This talk considers the boundary trouble of digital humanities—specifically, who recognizes, misrecognizes, or doesn’t recognize the field. These disagreements arise at the moment digital humanities gets defined and institutionalized. A better approach might be to think about DH instead as a “boundary object” in which different groups can work together even in the absence of consensus. In this context, I share lessons learned from my own experiences implementing DH at NC State. Ultimately, seeing DH as a boundary object may help to imagine its institutional success in terms of interdisciplinary, collaboration, and curricula. There will be a virtual, synchronous Q&A event with Paul Fyfe in November. Information about this event will be shared closer to the time of the event. You can stream the lecture here:

    Introduction to Computational Text Analysis - Nathan Kelber (JSTOR Labs)
    This workshop will introduce participants to text analysis with Python using Jupyter Notebooks. The workshop will introduce and demonstrate methods such as word frequency, significant terms, and topic modeling. Not sure if computational text analysis is for you? Check out this FAQ resource from JSTOR Labs to learn more about the ways computational text analysis can further your research. This workshop will consist of four synchronous instructional sessions via Zoom and independent exercises. The workshop is open to all UNCW faculty, and no prior knowledge or experience is necessary. Registration is capped at 15 participants and is open on a first come, first served basis. Registration opens on Tuesday, September 15, 2020. To register, visit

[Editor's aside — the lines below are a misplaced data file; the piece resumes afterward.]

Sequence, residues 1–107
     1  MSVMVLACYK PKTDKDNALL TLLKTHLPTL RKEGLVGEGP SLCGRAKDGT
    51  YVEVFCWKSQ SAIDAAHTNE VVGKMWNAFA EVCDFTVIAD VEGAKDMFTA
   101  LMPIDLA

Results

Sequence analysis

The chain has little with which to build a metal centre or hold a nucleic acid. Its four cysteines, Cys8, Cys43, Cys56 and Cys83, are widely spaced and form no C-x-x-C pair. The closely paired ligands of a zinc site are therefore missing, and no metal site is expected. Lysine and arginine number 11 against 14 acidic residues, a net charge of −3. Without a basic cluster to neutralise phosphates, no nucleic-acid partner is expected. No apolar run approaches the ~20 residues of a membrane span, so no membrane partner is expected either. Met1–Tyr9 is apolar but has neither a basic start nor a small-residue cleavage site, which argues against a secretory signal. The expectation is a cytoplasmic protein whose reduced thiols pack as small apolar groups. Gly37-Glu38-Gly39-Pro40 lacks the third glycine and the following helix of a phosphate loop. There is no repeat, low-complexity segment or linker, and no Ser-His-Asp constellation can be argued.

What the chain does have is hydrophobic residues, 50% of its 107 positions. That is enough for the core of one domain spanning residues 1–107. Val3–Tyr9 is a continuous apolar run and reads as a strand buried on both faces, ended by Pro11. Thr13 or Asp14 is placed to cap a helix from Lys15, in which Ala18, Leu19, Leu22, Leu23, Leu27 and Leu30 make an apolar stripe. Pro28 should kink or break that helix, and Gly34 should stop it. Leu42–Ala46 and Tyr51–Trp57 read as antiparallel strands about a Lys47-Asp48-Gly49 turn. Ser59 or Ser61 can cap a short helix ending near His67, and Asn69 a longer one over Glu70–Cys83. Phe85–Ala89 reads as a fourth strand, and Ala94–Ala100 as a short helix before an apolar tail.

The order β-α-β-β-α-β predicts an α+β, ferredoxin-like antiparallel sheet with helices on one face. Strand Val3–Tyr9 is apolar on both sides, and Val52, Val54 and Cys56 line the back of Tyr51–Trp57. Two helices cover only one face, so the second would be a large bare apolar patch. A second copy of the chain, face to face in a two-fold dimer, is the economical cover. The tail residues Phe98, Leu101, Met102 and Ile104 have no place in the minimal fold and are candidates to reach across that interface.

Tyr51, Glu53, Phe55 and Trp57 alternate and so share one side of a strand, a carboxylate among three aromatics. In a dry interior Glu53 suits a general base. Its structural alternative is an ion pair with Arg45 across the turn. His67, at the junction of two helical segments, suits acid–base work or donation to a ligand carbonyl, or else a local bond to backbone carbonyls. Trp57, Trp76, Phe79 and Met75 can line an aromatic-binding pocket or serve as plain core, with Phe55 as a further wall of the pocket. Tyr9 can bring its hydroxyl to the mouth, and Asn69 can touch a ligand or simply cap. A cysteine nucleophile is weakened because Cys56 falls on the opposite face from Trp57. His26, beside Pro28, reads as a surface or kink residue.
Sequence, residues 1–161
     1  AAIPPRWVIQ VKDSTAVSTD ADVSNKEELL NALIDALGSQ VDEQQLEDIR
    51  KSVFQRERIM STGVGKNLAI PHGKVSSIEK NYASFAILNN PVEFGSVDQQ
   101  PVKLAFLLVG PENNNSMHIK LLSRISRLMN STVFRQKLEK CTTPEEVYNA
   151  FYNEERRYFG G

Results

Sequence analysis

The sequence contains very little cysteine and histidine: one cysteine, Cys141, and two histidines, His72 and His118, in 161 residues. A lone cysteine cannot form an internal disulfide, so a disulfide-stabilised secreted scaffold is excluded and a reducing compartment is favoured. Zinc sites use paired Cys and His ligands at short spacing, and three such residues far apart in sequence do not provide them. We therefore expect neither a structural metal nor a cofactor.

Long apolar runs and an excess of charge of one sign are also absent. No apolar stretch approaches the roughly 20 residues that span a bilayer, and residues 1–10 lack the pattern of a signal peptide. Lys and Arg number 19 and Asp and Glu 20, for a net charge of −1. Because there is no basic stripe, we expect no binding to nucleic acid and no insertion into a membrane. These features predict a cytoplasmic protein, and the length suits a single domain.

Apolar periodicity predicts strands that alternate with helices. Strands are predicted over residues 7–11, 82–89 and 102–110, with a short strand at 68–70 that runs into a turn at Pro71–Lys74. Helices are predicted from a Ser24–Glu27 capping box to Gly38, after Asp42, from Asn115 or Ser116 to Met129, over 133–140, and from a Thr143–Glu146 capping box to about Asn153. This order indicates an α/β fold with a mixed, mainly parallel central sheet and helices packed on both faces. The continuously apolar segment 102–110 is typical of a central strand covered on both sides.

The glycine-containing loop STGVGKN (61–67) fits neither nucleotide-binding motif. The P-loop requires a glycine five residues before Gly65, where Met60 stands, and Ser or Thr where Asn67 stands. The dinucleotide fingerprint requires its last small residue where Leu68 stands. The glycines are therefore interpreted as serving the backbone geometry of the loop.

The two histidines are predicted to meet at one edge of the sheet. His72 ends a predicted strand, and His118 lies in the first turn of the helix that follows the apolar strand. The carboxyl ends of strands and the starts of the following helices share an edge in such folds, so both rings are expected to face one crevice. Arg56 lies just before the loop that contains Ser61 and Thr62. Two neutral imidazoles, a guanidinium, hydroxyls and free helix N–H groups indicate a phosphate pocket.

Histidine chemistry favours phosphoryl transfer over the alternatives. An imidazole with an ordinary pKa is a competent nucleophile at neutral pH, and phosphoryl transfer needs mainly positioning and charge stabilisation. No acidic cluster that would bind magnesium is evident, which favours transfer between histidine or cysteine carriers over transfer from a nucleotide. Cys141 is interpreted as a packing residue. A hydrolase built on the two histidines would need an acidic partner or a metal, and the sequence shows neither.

Workshop schedule

    • Session #1: Monday, October 5, 2:00-3:30 pm
    • Session #2: Monday, October 12, 2:00-3:30 pm
    • Session #3: Monday, October 19, 2:00-3:30 pm
    • Session #4: Monday, October 26, 2:00-3:30 pm

Coastal Resiliency Seminar Series:

The Role of Artificial Intelligence in Health Series: